1 October 2010 Chancellor House, where Nelson Mandela and Oliver Tambo had their Johannesburg law firm in the 1950s, is to be completely restored and become home to a new legal museum and resource centre, taking its rightful place as an iconic site of the struggle for human rights in South Africa. Tambo, in the introduction to Ruth First’s No Easy Walk to Freedom, described the downtown Johannesburg structure as “a shabby building”, and one of the few in the city that could be rented by black people. Designed by architect Frank Jarett and built around 1948, Chancellor House is soon to shake off its shabby reputation. The City has just expropriated the building, offering the owners R350 000 for the derelict structure. Work on the building begins this month, says Yanda Tolobisa, the Johannesburg Development Agency’s project manager for Chancellor House, and is expected to be complete by June 2011. “The turnaround of Chancellor House is a great achievement, both for reclaiming heritage and for urban renewal in central Johannesburg,” says Eric Itzkin, the deputy director for immovable heritage in the City’s arts, culture and heritage department. “After wasting away for many years, Chancellor House will take its rightful place as an iconic site celebrating the struggle for human rights.”Law offices Located on the corner of Fox and Gerard Sekoto streets in Johannesburg’s CBD, Chancellor House was home to the law offices of Mandela and Tambo in the 1950s. They had two small rooms on the second floor, with the words “Mandela & Tambo Attorneys” sandblasted on the window. “Africans were desperate for legal help,” Luli Callinicos writes in The World that Made Mandela. “It was a crime to walk through a Whites Only door, a crime to ride a Whites Only bus, a crime to use a Whites Only drinking fountain, a crime to walk on a Whites Only beach, a crime to be on the street after 11pm, a crime not to have a pass book and a crime to have the wrong signature in that book, a crime to be unemployed and a crime to be employed in the wrong place, a crime to live in certain places and a crime to have no place to live . Every day we heard and saw the thousands of humiliations that ordinary Africans confronted every day of their lives.” Callinicos interviewed communist party leader Chris Hani two weeks before he was assassinated in 1993. He said: “We admired [Mandela and Tambo] because we saw in them a different type of intelligentsia; an intelligentsia which is selfless, which was not just concerned about making money, creating a comfortable situation for themselves, but an intelligensia which had lots of time for the struggle of the oppressed people of South Africa; how they used their legal knowledge to alleviate the judicial persecution of the blacks. “And as we therefore studied, we felt that our priority as probably future intellectuals, should be to participate in this struggle.” Mandela and Tambo’s office ran for eight years, from 1952 to 1960. Both were arrested in 1956 and tried for treason. The Treason Trial ran for four years before the charge was dismissed against the remaining trialists in 1961. During the trial their legal obligations were curtailed, and other partners joined the firm: Duma Nokwe, Ruth Mompati, Mendi Msimang, Godfrey Pitje, among others. “And I must say my life was shaped by the outlook of people like comrades Tambo, Mandela, Duma Nokwe and others,” Hani said.Living Legal Museum The building has belonged to the Essa family from Polokwane in Limpopo, since 1943; they have been refusing offers to buy the historic building for many years. Lucy Taylor, a Chancellor House activist since 1996, has been trying to get the family to sell the building. Over the past 14 years she has written dozens of letters soliciting support for what she calls the “Living Legal Museum”, a proposal to turn the building into a museum commemorating the two famous tenants, a coffee shop, a law library, and a legal resource centre for disadvantaged law students. Her response from Mandela when he was president, reads: “Chancellor House was home to the first black-owned firm in South Africa, which was that firm owned by myself and the late Oliver Tambo – so this project has a special place in my heart.” In a letter from the Essa family lawyers, Ismail Ayob, indicates that the Essa family did not consider the building to be a historical monument. In 1997, it was to be demolished to make way for a parking garage. It was declared a provisional national monument in 1999.National Monuments Council Taylor got letters of support for her proposal from a wide range of people: advocate George Bizos; judges Albie Sachs, Joel Joffe and Richard Goldstone; businesswoman Irene Menell; the late Adelaide Tambo and her son Dali; and long-time friend of Mandela, Ahmed Kathrada. In 1997, Sachs wrote to Taylor, saying: “When I was a law student at University of Cape Town in the 1950s I would visit the offices of Mandela and Tambo each time I came to Johannesburg. The building accordingly has strong memories for me.” Taylor tried to raise funds to buy the property. In August 1998, Abdool Essa wrote to the National Monuments Council, saying he would be prepared to sell the building for R925 000. But this never happened, and the building became more and more shabby and uninhabitable, despite the fact there were about 100 squatters living in it until recently. The building has finally been cleared – the squatters were relocated to several shelters in the city – and the family offered R350 000 for the structure, a price that was reached after the building was professionally evaluated. Ironically, in 1997, the building was evaluated for the same amount. It is estimated that the refurbishment will cost R10-million. “I am delighted something is to be done,” says Taylor. “I have been fighting on empty for 14 years. I am very happy.”Heritage report HMJ Prins Architect and UrbanWorks Architecture + Urbanism were asked to compile a heritage and conceptual design report on Chancellor House. “The objective therefore results in finding a way to appropriately commemorate Nelson Mandela and Oliver Tambo relative to their relationship to Chancellor House,” says the report. “Chancellor House hereby becomes an important relic in capturing another layer of our recent history. Although the building itself is not of any notable architectural or aesthetic value, our role was to find a way in which to instil a level of historical significance to the structure.” The building is in Ferreirasdorp, historically an Indian area going back some 100 years that managed to resist apartheid attempts to remove tenants and owners. The area around Chancellor House contains several significant civic buildings: the Magistrates’ Court, the Family Court, a Home Affairs branch, and the Johannesburg Central Police Station. Chancellor House is across the road from the Magistrates’ Court, where Mandela, Tambo and their partners represented their clients. In 1952, Mandela was brought before the same court and charged and sentenced under the Suppression of Communism Act.Ferreirasdorp The report outlines the significant surrounding buildings. One block away is Kholvad House, a block of flats. Mandela often visited his friend Ahmed Kathrada at number 13, and when his office closed in 1960, he moved his law rooms to this flat. “Although my practice had dissolved, my reputation as a lawyer was undimmed. Soon, the lounge of No 13 and the passage outside were crammed with clients. Kathy would return home and discover that the only room in which he could be alone was his kitchen,” Mandela recounts in Long Walk to Freedom. Mandela socialised with other Indian families in Ferreirasdorp. The Pahad family welcomed him, Tambo and Walter Sisulu to their home, where they often had meals. Struggle icons Yusuf Dadoo and the Cachalia family also lived in the suburb, and Mandela often held clandestine meetings in the flat of IC Meer, says Callinicos. Further west in West Street, was Sitha Investments, Sisulu’s estate agency. Sisulu had a huge influence on the ANC intellectuals, having been a trade unionist and entrepreneur, with a “maturity and wisdom beyond his years”. “Sisulu’s office became a formative meeting place in the lives of dozens of young intellectuals and activists, including Mandela,” Callinicos says. Several blocks north of Chancellor House is Chinatown, where the Chinese Club is the oldest building in the precinct. Recently, the Johannesburg Development Agency revamped Chinatown, installing concrete benches and new paving, and planting trees. Two gateways are soon to appear, demarcating this precinct which dates back over a hundred years. And barely another block or two away was Kapitan’s, the Indian curry restaurant that remained multiracial throughout the nine decades of its existence. Mandela regularly ate a plate of curry there, and often took Winnie Madikizela-Mandela to the restaurant when they were courting. Sadly, the restaurant has closed following the death of both owners – Madanjit Ranchod and his wife Marge.Chancellor House Chancellor House has been occupied by squatters since 2000, and it was damaged by a fire several years ago. Most of the interior walls are black from fire damage, and there may be damage to some of the supporting walls. The external face brick is in good condition, but the canopy and its support structures need to be replaced. There will be minimal demolitions, says the JDA’s Tolobisa. The basic structure – the facade, the height of the building and the canopy overhanging the pavement – will be restored. Plans include the possible demolition of the old ablution block and staircase on Fox Street, to make way for the creation of a small inner courtyard and garden. A permanent photographic exhibition is planned for the rooms from which they consulted, on the second floor. The ground floor will contain a gallery with an exhibition. The old offices on the first and second floors will be restored. “New displays showcased in windows facing out onto the street, promise to be ground-breaking and visually exciting, with archival images and documents, many of them only recently uncovered and never before seen in public,” says Itzkin. “I am fully supportive of the project. I would like to see it not merely a historical monument but used by our young people as a library and training centre for candidate attorneys,” Mandela wrote in a 1998 letter. “I believe that my late partner, Oliver Tambo, would also have wholeheartedly approved if he were still alive.” Source: City of Johannesburg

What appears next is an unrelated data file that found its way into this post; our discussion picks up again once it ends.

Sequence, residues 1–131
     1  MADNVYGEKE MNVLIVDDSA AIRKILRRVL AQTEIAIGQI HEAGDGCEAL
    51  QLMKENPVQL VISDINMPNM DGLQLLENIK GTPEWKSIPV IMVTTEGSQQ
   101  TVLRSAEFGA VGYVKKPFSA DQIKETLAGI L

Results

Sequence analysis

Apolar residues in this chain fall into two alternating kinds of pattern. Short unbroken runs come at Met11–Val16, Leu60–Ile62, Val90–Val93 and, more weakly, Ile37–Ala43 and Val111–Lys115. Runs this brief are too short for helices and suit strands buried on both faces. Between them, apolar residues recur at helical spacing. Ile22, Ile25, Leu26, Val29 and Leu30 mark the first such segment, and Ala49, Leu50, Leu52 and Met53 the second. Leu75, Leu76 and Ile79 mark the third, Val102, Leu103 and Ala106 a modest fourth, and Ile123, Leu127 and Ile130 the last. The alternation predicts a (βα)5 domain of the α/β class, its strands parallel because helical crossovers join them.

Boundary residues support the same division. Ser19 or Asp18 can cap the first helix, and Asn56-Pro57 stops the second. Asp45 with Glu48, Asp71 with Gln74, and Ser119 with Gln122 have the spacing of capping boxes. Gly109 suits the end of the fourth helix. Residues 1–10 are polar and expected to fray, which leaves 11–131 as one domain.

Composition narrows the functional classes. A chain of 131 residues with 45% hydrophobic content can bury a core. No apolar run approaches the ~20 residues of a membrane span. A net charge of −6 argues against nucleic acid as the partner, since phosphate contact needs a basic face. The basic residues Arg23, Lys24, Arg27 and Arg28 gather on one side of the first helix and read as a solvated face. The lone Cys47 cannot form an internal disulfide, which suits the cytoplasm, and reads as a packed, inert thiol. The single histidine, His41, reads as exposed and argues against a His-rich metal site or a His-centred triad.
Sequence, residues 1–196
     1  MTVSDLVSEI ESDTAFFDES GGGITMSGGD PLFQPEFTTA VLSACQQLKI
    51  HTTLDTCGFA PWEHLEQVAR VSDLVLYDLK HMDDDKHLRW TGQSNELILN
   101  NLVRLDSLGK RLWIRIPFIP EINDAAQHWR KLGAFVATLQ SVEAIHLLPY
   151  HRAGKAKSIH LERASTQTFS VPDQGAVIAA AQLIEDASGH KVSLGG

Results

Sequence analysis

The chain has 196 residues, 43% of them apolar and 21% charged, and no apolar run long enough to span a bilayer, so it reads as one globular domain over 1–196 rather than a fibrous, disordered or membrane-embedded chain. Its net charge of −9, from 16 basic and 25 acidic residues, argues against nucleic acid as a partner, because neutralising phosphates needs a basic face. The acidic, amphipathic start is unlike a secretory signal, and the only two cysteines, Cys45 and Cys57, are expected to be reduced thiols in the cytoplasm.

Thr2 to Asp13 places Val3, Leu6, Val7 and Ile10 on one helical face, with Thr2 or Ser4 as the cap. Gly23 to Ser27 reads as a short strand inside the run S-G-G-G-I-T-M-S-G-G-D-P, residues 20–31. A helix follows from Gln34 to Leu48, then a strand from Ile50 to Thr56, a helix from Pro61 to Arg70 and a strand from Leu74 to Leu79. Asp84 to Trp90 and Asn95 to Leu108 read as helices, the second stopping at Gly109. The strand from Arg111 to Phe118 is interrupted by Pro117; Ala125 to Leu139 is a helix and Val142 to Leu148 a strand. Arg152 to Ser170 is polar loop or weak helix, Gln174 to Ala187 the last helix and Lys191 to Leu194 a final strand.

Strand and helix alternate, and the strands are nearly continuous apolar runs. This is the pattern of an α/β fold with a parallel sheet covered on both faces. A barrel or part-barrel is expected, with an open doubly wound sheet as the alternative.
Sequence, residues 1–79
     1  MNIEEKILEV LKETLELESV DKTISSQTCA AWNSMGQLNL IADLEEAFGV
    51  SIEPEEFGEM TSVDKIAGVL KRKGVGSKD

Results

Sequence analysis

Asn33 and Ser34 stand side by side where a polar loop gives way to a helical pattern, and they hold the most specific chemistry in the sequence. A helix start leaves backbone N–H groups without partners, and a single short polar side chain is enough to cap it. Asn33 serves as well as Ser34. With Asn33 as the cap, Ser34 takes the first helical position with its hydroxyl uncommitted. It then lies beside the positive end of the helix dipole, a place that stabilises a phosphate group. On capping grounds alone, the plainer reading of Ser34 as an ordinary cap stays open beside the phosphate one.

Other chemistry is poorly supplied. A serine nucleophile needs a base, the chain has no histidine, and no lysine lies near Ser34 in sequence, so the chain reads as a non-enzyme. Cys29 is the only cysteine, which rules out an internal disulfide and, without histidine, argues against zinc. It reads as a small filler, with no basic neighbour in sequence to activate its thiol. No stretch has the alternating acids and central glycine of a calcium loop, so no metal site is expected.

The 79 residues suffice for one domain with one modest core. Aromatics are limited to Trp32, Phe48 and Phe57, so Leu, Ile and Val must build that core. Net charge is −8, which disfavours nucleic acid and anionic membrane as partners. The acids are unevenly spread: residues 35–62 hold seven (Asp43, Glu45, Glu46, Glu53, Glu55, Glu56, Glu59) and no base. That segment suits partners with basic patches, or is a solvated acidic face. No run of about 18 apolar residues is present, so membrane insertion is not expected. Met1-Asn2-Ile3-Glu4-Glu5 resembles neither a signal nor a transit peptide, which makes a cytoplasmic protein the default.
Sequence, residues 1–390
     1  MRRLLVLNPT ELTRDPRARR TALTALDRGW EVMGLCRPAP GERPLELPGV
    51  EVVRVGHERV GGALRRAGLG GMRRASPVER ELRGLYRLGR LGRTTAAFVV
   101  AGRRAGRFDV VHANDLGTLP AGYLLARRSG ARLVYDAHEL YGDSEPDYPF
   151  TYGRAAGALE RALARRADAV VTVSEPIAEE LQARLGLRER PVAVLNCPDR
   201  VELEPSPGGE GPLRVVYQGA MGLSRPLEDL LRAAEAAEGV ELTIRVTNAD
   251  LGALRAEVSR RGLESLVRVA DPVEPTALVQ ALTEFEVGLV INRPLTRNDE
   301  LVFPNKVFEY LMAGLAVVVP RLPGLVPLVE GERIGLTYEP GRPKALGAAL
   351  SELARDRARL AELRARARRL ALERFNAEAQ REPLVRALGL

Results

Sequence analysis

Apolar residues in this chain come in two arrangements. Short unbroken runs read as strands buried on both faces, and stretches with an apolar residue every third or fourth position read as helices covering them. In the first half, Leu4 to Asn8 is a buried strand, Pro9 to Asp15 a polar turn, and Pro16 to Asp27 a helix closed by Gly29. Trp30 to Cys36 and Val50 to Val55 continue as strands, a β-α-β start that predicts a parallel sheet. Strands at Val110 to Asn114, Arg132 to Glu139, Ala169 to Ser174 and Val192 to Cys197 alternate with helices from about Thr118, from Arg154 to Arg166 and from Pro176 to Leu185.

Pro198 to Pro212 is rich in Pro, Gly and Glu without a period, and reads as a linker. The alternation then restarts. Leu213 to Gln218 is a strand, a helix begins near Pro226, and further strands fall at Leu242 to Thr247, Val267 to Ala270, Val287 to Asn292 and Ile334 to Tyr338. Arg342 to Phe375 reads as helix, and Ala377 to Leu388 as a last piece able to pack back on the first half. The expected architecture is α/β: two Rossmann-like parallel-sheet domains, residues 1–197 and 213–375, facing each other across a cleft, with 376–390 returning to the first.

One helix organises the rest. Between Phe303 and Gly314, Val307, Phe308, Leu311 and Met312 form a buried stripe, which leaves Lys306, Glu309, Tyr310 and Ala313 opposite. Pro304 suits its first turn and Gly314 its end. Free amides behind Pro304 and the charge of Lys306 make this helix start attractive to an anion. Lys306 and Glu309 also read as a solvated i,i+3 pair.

20 January 2015Relief parcels have been distributed to flood-hit families in Malawi by the South African humanitarian group, Gift of the Givers.The parcels – worth R500 each – contained staple food, blankets, eating utensils, water purification tablets and plastic sheets, the organisation’s founder, Imtiaz Sooliman, said on 17 January.The eight-member Gift of the Givers team reached areas more than 100km away from Blantyre, he added. Distribution would also be carried out in Chikwana, Nsanje, Mangochi, Machinga, Balaka, Zomba, Phalombe and Mulanje regions.Continuous rain and the “baby” Cyclone Bansi have resulted in Malawi declaring 15 of its 28 national districts disaster zones, and the country has called for international assistance. An estimated 100 000 people have been left homeless and 173 are confirmed dead.The death toll is expected to rise as it is believed that 183 people have been swept away from one village alone. In addition, 11 000 homes have been damaged.Sooliman said the southern African country was probably facing the “greatest flood disaster in the history of its existence”. “Massive destruction to agriculture, roads, bridges and general infrastructure, including power facilities, has complicated the situation due to prolonged power outages.“The Malawi defence force has already rescued more than 4 000 people with the fear that many more are trapped in inaccessible areas,” said Sooliman.There are also concerns of a cholera outbreak and other water-borne diseases as there is no clean drinking water and the sewerage system is contaminated. The humanitarian crisis is expected to worsen as tropical Cyclone Chedza hit Malawi on 18 January.“It is expected to be far more destructive than Cyclone Bansi, bringing more heavy rains and greater flooding,” said Sooliman. Gift of the Givers has put water rescue teams from South Africa on standby for this eventuality, and medical teams are also ready if required.Sooliman has urged South Africans to contribute to the relief efforts.Meanwhile, its rescue mission in Mozambique is progressing well, according to the South African National Defence Force (SANDF), which was deployed to the flood- stricken country after its government approached its neighbour for help.SANDF personnel left for Mozambique a week ago, and spokesman Lieutenant General Mabanga said the team was expected to spend seven to 14 days in that country. “Their stay will depend on the situation in that country.”Senior SANDF members would go to Mozambique on 20 January to assess needs.Tens of thousands of people have been displaced following torrential rains in Mozambique. Four people have died in Mocuba, one of two districts badly affected by flooding, while an estimated 5 000 have sought refuge in government shelters. According to reports, the waters have risen to double the flooding threshold.SANDF soldiers deployed in Mozambique include members of the South African Air Force, Navy divers and medical personnel. No SANDF members had been deployed in Malawi, Mabanga added.Source: SANews